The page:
19th Century, education, Exploration, Geology, History, Intercession, Jesus, Minnesota, Native Americans, Natural Science

Nicollet and Fremont visit Pipestone quarries 1838

Nicollet

Nicollet

Fremont

Fremont

While on expedition, Nicollet and John Fremont camp at the Pipestone quarries (in what is now Pipestone National Monument in Pipestone County) and engrave their initials near the Winnewissa Falls, leaving a lasting record of their presence there.*

God, since when did graffiti become history? It seems we are unaware of our actions today on future generations. Yet historians and achaeologists surely appreciate these moments of civil disobedience. What is literally scrawled on the walls of the present gives us a much more colorful picture of what happened in the past. Thanks for graffiti artists!

More specifically, thank You for moving Nicollet and Fremont to explore and physically record their attendance to Your pipestone quarry. All on earth belongs to You, but You move some of us to wonder, to travel, to seek out the wonders You have made. It is only my opinion, but I sense a smile on Your eternal face when our curiosity moves us outward, beyond, and into the the unknown!

Thanks for the blessings of pipestone and its amazing uses. Its physical properties made it a natural treasure for past and present minnesotans. Will You bless the quarries at Pipestone! May we continually discover incredible uses for this resource, and use it wisely. Will You free the quarries from the bitter judgments between all relevant parties over its use/misuse?

*Note – PrayThroughHistory uses the timeline located for several years at the Minnesota Historical Society Web site, at this URL: mnhs.org/about/dipity_timeline.htm .  The current URL is www.dipity.com/Minnesota/History/Minnesota-History/ and only works if typed, not pasted, in browser. It is worth the effort!

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19th Century, Culture, government, History, Intercession, Jesus, Minnesota, Native Americans, Treaties

1837 Treaties

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The United States negotiates treaties with the Ojibwe and the Dakota for the wedge of land between the St. Croix and Mississippi Rivers—land that will later become part of Minnesota. Ratification of the treaties opens the land for settlement by non-Indians. The Ojibwe will receive payments in money, goods, and provisions for 20 years; they also reserve the right to hunt, fish, and gather wild rice within the ceded area. The Dakota do not reserve their hunting or fishing rights, but their annuities are to be perpetual. Indian Agent Lawrence Taliaferro boasts that he made the better bargain for the Dakota.*

Lord, this wedge of land is quite valuable real estate in the present. It contains parts  of St. Paul, Oakdale, Stillwater, Lake Elmo, Woodbury, Cottage Grove, and Hastings which are all fast growing parts of the metro area. This is surely a challenge for our present-day lawmakers; how do you give hunting rights in a suburban develop ment?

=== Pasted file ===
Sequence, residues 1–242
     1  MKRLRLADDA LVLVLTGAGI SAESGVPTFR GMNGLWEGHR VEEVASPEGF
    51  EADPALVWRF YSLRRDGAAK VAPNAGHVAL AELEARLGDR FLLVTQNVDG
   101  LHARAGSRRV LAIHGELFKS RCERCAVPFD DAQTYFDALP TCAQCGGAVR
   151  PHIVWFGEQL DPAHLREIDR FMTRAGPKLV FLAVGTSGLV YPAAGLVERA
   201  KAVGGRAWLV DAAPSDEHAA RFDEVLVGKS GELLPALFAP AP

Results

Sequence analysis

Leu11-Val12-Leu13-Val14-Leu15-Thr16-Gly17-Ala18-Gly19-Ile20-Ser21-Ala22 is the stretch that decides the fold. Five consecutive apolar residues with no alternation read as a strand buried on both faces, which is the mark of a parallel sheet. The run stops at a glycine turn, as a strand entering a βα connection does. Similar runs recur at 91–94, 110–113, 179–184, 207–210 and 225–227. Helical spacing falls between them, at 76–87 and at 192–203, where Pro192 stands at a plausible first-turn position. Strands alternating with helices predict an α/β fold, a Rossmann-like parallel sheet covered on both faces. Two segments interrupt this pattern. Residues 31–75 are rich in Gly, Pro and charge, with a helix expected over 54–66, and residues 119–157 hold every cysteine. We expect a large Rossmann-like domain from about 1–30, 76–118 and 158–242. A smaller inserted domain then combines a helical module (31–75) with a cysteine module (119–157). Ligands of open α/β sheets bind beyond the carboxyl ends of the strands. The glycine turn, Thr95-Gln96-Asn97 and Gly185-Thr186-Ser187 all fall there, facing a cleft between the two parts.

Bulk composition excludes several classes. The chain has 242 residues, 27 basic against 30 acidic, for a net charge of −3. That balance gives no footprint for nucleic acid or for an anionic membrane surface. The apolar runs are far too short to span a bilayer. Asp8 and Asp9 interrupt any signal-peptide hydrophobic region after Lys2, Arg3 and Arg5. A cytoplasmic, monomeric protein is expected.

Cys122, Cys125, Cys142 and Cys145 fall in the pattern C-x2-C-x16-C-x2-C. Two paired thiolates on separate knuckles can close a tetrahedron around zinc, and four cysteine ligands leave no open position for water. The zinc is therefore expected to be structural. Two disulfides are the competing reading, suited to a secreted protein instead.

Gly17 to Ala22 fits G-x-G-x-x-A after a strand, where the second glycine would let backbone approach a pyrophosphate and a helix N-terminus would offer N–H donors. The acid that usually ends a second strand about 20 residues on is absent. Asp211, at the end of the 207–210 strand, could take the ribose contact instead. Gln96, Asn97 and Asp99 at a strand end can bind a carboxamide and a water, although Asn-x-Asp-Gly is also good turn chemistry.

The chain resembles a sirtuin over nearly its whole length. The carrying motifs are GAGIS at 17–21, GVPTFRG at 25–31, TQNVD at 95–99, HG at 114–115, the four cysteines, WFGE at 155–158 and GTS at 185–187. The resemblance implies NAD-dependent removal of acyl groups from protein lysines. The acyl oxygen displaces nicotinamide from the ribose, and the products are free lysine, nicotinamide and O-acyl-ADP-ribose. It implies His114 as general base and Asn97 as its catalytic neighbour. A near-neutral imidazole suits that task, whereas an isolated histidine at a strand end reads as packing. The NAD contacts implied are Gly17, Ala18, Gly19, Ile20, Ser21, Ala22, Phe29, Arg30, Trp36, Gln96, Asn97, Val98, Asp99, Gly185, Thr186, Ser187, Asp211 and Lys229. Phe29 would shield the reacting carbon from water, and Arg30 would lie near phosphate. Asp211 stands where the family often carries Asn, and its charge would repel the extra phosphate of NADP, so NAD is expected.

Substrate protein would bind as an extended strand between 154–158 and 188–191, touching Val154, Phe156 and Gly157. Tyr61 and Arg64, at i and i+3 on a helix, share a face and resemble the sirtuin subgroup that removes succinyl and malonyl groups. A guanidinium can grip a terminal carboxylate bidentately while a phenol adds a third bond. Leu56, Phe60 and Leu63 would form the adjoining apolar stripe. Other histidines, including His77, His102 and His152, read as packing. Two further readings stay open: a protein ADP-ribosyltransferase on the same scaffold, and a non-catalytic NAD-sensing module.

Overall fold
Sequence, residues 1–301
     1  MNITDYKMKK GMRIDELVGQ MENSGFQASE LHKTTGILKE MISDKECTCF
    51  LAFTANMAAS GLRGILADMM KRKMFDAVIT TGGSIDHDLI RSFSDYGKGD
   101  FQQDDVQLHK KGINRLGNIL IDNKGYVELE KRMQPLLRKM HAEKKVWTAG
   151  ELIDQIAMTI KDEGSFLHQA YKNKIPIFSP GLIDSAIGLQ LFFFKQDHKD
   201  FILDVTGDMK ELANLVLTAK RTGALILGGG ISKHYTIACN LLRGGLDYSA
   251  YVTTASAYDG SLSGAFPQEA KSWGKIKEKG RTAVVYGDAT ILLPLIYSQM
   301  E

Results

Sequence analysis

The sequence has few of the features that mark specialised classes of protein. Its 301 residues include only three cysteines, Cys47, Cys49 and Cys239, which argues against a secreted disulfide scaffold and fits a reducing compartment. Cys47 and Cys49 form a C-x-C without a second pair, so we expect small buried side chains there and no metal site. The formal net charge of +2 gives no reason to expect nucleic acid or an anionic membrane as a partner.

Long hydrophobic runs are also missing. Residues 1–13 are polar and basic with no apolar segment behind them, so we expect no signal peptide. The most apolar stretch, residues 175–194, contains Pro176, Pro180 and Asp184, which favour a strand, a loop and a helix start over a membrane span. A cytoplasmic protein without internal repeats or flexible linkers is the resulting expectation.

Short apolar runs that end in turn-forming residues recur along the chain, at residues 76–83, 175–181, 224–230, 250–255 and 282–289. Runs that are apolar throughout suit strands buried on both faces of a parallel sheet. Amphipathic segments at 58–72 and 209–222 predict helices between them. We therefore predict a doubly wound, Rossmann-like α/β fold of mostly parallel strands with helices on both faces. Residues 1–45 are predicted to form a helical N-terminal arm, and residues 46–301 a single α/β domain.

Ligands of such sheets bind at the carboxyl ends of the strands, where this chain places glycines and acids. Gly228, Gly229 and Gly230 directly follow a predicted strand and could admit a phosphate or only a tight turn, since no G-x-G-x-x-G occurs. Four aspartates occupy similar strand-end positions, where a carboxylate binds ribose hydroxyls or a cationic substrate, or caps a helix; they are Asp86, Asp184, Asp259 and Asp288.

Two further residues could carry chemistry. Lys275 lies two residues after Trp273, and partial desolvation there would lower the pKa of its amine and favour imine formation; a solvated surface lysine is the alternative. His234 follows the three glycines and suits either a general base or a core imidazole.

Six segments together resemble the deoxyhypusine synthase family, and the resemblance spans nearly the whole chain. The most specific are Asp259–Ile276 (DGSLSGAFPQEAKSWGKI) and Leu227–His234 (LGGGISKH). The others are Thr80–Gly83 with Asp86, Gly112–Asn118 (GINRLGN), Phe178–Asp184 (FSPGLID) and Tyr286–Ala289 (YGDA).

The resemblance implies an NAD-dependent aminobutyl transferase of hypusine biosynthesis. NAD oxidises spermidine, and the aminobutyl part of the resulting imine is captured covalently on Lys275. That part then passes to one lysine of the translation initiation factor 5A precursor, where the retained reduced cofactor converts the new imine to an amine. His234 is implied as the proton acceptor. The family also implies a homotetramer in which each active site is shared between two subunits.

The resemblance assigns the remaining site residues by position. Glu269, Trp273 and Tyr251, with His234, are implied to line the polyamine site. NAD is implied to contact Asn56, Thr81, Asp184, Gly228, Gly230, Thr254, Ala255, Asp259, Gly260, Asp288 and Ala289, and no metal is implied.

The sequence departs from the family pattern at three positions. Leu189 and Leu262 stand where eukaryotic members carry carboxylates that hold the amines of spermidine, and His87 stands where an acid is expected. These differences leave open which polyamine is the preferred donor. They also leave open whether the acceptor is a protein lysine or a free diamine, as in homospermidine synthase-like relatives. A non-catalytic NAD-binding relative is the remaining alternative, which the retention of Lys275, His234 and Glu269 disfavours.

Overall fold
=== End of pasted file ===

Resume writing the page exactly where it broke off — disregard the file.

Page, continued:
We need Your wisdom for all such cases. First, we need to accurately understand the meanings of past treaties which is no simple matter. Next, how does one interpret the spirit of this meaning into a present-day context that preserves the spirit and the heart of the treaty? Will You enable our government to honor these treaties in the present and future, as well as make restitution as specific and meaningful as possible?

By Your mercy, will You free all parties in the past of dissension and bitter assessments: the U.S. government and its agents , the Dakota, and the Ojibwa? Will You make us free from the fruit of this event in the present, and create the proper honor and respect between all parties?

*Note – PrayThroughHistory uses the timeline located for several years at the Minnesota Historical Society Web site, at this URL: mnhs.org/about/dipity_timeline.htm .  The current URL is www.dipity.com/Minnesota/History/Minnesota-History/ and only works if typed, not pasted, in browser. It is worth the effort!

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19th Century, Culture, education, Faith, History, Intercession, Jesus, Minnesota, Native Americans

Lake Harriet Mission School July 19, 1836  

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Six students attend the opening of the Lake Harriet Mission School for the Dakota, founded by the Reverend Jedediah D. Stevens. An early example of education within the boundaries of present-day Minnesota, the school was sponsored by the Presbyterian Missions Board and taught by the founder’s niece, Lucy C. Stevens, in a cabin built by Gideon H. and Samuel W. Pond.*

Good Teacher, thank you for the benefits of the Lake Harriet Mission School for the Dakota. Thank you for the heart of providing education to all! It’s so good to share what we know and have it received.

It is not easy to be the first. It takes boldness to reach out across cultural lines. On one side of this picture we have Dakota students who are reaching out to Stevens. Conversely, he is stepping out of his comfort zone to meet and teach members of an unfamiliar culture. Will You bless both sides of this exchange? Will You remember their boldness and trust to know each other? Each group is an exploratory party of sorts. May we never forget what its like to be an alien!

Lord, I also want to acknowledge our separations that may begin as academic pride. We assume our knowledge will change our ‘underprivileged’. We often fail to pass on wisdom (good judgment), and even foster an academic culture that hesitates to recognize the merits of wisdom. As moderns, we cringe at even the word ‘judgement’, although one could argue that good judgment is the root of justice?!

I feel prompted to acknowledge the potential judgments of Stevens and Williamson against the Pond brothers, and perhaps a spirit of competitiveness. Lord, will you forgive any heritage of academic  or religious pride stemming from  them forward to us if this is the case? Will you forgive the stinging pain of criticism towards or counter-judgments from the Ponds, the Dakotas, these first six students, or any other pertinent unaddressed party? Will You free the land  of Minnesota from these judgments, and bring the blessing of humility that we all have betrayed You, Your peoples, and our selves? Will You make us humble teachers and students of the “knowledge” You have revealed to us? Amen.

*The current URL is www.dipity.com/Minnesota/History/Minnesota-History/ and only works if typed, not pasted, in browser. It is worth the effort!